Britain was slow to deal with the 14 suspicious deaths in the last decade of various Russians living in the country.  Now the U.K. has begun to implement the rules of the game.  It is beginning a counter-offensive against fake news by Russia as well as terrorists on social media to combat propaganda, misinformation, and extremist material.

The U.K. is also examining, as are U.S. authorities, the extent of money-laundering by anonymous owners in the country.  According to the U.S. Treasury, some $300 billion is laundered in the U.S. every year.  Estimates for the U.K. suggest $125 billion.  In both cases, it is probable that the largest share is held by Russians, including property transactions of Russian president Vladimir Putin.

Unexpectedly, we have just learned that the rules of the game apply in the Far East.  The meeting on March 26-27 in Beijing of Chinese president Xi Jinping and North Korean president Kim Jong-un may have been harmonious and intimate, but the Chinese leader reminded his guest of the rules.  The elder generations of leaders of the two countries maintained cordial relations, trusted, and supported each other.  But Kim had broken the rules since he came to power in 2011.  He had purged officials close to Beijing; one of them was his uncle, Kim Jong-nam.

In the Middle East, the Palestinians also have been unwilling to recognize rules of the game.  Two instances need be mentioned.  One is that the U.S. Taylor Force Act suspends aid to the Palestinian Authority as long as it pays stipends. to the families of terrorists killed while attacking Israelis and to captured terrorists.  Yet the P.A. still pays directly to the families, providing $343 million, 7% of the P.A. annual budget.  A second issue concerns Hamas, which is organizing a March of 100,000 Gazans to storm the Israeli security fence around Gaza.  This is supposed to signify the return of Gaza “refugees” to their homes.  Left unsaid is the nonexistence of more than a few “refugees.”  A refugee born on the same day of the creation of Israel on May 14, 1948 would be almost 70.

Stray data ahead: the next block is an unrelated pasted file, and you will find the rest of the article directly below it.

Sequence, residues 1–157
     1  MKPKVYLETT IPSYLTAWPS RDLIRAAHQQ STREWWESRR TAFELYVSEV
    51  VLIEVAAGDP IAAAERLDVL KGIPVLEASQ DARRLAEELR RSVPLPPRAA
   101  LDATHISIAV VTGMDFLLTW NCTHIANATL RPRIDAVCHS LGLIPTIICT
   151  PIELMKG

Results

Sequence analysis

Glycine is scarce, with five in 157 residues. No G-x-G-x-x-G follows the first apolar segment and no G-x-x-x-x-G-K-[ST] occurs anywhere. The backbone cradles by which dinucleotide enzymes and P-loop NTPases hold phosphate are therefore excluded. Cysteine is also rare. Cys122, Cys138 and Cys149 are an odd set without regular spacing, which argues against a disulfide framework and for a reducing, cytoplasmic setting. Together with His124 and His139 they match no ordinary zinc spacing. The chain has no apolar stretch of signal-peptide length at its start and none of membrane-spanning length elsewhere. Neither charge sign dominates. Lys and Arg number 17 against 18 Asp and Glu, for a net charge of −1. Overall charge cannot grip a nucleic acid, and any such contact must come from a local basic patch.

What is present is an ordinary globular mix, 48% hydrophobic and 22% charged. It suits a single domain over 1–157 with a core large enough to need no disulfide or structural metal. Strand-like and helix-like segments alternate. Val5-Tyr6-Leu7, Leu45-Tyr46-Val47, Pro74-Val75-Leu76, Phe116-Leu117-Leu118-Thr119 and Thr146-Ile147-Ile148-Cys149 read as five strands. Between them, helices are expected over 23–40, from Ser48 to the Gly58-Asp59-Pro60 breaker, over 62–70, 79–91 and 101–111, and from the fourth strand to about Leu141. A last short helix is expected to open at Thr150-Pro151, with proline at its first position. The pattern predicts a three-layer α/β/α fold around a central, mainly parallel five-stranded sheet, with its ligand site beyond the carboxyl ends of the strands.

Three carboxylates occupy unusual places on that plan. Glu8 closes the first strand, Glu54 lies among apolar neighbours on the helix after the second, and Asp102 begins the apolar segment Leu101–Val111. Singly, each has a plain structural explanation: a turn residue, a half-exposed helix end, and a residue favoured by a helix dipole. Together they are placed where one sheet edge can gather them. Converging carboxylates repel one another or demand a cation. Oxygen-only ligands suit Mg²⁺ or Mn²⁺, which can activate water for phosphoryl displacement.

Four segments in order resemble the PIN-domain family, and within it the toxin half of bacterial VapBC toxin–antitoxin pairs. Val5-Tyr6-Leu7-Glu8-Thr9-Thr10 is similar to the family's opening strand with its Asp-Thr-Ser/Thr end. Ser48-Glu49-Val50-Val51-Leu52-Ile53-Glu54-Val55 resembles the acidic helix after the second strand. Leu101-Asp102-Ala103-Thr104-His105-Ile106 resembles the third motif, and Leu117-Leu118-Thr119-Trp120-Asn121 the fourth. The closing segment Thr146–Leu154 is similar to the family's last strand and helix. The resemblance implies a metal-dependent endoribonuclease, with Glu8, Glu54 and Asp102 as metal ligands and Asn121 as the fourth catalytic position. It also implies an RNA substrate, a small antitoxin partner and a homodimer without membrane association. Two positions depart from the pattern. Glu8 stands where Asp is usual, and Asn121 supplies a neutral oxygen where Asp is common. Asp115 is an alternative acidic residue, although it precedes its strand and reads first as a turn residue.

A third persisting issue in which the rules of the game are absent is the flagrant anti-Semitism in the British Labor Party, and the inability or unwillingness of the leader Jeremy Corbyn to deal with it, to condemn forthrightly manifestations of this disease, and to expel from the party those responsible for it.  Since he became leader in 2015, more than 300 cases of anti-Semitism by Labor Party members have been referred to Corbyn.

In recent weeks a number of breakage of rules have appeared.  An M.P. named David Lammy, one of the few black Labor M.P.s, was attacked by leftists in the party who want to deselect him from Parliament because he expressed solidarity with the Jewish population in his constituency.